Michigan State University, the University of Michigan and Wayne State
University would receive appropriations via a separate budget bill under
legislation approved by the House Appropriations Subcommittee on Higher
Education on Tuesday.

HB 4350 and HB 4351, totaling $1.86 billion ($1.73 billion general
funds) are now the first appropriation bills to be sent to the full
House Appropriations Committee. 

But getting them there wasn't the easiest of tasks. 

From the get-go, Rep. Fran Amos (R-Waterford) questioned how the
subcommittee would pay for the $50.8 million total that is above what
Governor Jennifer Granholm recommended in her executive budget.   The
subcommittee's version concurred with the governor in providing a 2.5
percent across-the-board increase in operational funding for the
schools.   But the bills also continue the Tuition Grant Program funded
at $58 million, which the governor had recommended for deletion, and
adds $3.6 million in appropriations for Indian Tuition Waivers. 

Rep. Pam Byrnes (D-Chelsea), chair of the subcommittee, said much of
the 4.3 percent increase being offered in the bills compared to current
year appropriations has to do with the delayed payment to universities
totaling $69.3 million.   The state is making its August payment to
those universities on October 16 under Executive Order 2007-3.  
However, when Ms. Amos reiterated that the appropriation is above the
governor's ($1.81 billion total spending of which $1.68 billion is in
general funds), Ms. Byrnes said the bills were somewhat higher, but she
added, "We all realize higher education is key to economic development
and we're putting our money where our mouth is."

Rep. David Agema (R-Grandville) also took issue with the fact that the
disparity between university funding was increasing by giving
across-the-board raises, when, for instance, Grand Valley State
University is starting out at appropriations below some of the other
institutions.   Like the executive recommendation, the House
subcommittee concurred on deleting the university-funding model House
Republicans had installed for the fiscal year 2006-2007. 

There was also some discontent on the panel in separating out the three
research universities from the other 12 public institutions.  
Boilerplate language was added to require that UM, MSU and Wayne State
consolidate their programs and services and report to the state on those

"There are 15 great public universities in the state of Michigan and
while I recognize the University of Michigan, Michigan State and Wayne
State have a role to play in certain areas that doesn't diminish the
roles and opportunities of the other universities," said Rep. Bill Caul
(R-Mt. Pleasant), who then listed off a series of research projects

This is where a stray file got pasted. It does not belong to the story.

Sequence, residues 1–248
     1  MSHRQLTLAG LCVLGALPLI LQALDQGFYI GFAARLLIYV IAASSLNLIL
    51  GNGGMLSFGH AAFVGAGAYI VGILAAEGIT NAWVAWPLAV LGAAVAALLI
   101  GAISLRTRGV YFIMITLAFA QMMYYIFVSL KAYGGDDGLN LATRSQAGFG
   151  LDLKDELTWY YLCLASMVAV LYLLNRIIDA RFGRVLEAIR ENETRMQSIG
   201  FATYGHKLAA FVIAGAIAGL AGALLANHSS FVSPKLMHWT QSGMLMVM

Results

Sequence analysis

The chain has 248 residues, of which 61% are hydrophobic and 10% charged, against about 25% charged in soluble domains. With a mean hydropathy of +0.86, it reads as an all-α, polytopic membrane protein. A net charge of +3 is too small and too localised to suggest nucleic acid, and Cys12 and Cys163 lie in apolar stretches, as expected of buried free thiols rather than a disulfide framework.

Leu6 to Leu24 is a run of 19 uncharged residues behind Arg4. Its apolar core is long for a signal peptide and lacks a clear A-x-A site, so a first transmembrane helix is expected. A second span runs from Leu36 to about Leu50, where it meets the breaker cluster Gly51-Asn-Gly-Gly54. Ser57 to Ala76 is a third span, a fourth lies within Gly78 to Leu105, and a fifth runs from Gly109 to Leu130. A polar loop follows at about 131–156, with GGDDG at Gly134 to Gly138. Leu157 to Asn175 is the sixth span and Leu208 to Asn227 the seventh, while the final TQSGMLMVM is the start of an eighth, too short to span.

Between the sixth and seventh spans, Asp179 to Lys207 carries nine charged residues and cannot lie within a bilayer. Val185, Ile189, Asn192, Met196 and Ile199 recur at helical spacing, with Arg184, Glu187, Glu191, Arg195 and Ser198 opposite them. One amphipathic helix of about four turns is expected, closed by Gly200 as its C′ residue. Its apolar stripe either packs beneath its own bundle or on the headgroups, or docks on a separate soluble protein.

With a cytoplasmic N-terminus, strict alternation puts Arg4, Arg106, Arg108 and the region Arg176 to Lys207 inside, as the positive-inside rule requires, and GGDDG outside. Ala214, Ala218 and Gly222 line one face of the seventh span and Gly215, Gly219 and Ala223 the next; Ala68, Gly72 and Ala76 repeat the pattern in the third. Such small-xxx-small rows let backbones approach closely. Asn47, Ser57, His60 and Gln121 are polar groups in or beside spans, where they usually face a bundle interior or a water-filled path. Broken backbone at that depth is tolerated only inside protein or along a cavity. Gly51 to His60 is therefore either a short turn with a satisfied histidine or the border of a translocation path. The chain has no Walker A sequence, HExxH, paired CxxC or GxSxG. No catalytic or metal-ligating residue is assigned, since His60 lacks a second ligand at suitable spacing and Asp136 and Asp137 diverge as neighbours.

being headed up by the other 12 schools. 

Ms. Byrnes, who also ran off a list of how the other 12 schools were
succeeding in their own right, said having two budget bills was in no
way trying to diminish any of the schools, but that "we need to realize
that by distinguishing our three universities we're making a bold
statement to the nation and to the world that we value research.   We
need to be embracing our universities and moving forward" 

But Rep. Alma Wheeler Smith (D-Ypsilanti) said the distinction being
created by the two bills was an artificial division that would likely
end up in the courts.   She also argued that the three universities got
into research because of what it offered their institutions and in no
way would jobs be created solely for the fact that the Legislature chose
to fund the schools in two bills and not one. 

An amendment was offered on HB 4350 to roll the appropriations into one
bill, but that did not come until the subcommittee had already voted out
HB 4351, which deals with the funding for UM, MSU and WSU.   The
amendment failed on a 5-4 vote, with all the Republican members and Ms.
Smith supporting while the other Democratic members dissented.

On HB 4351, Ms. Smith also offered an amendment to roll the funding for
the Agriculture Experiment Station and Cooperative Extension into the
MSU operations line, saying that would protect the programs from being
targeted for cuts (and if they were cut, MSU could use its
appropriations to supplement that hit).   But the amendment failed after
Steve Webster, MSU vice president, said the industry and communities
involved in the programs would like to see them separated to allow for
more transparency. 

The subcommittee version of the bill does include a 2.5 percent
increase, or $845,700, in funding for the Agriculture Experiment Station
and the panel retained current-year funding of $29 million for
Cooperative Extension.   The governor had recommended that the
Agriculture Experiment Station be funded at the current-year level of
$33.8 million and reduced Cooperative Extension funding by 10 percent. 

HB 4350 was reported out on a 6-0-3 vote (Republicans abstained), while
HB 4351 was reported out on a 5-3-0 vote, with Ms. Smith joining
Republicans in dissention.   

After the vote, The Education Alliance for Michigan, which comprises
nine of the schools, argued the subcommittee had made an unprecedented
and unnecessary budget maneuver that 80 percent of residents are opposed
to according to a recent survey. 

"Many students and parents favor smaller campuses with more hands-on
attention from faculty and staff.   Universities like Oakland offer
things the three largest universities can't possibly provide," said
Rochelle Black, director of government relations for Oakland University.
  "This proposal is pulling us apart when we need to work together.  
The ones hurt most by this are Michigan's students - this is
shortchanging our future with shortsighted thinking."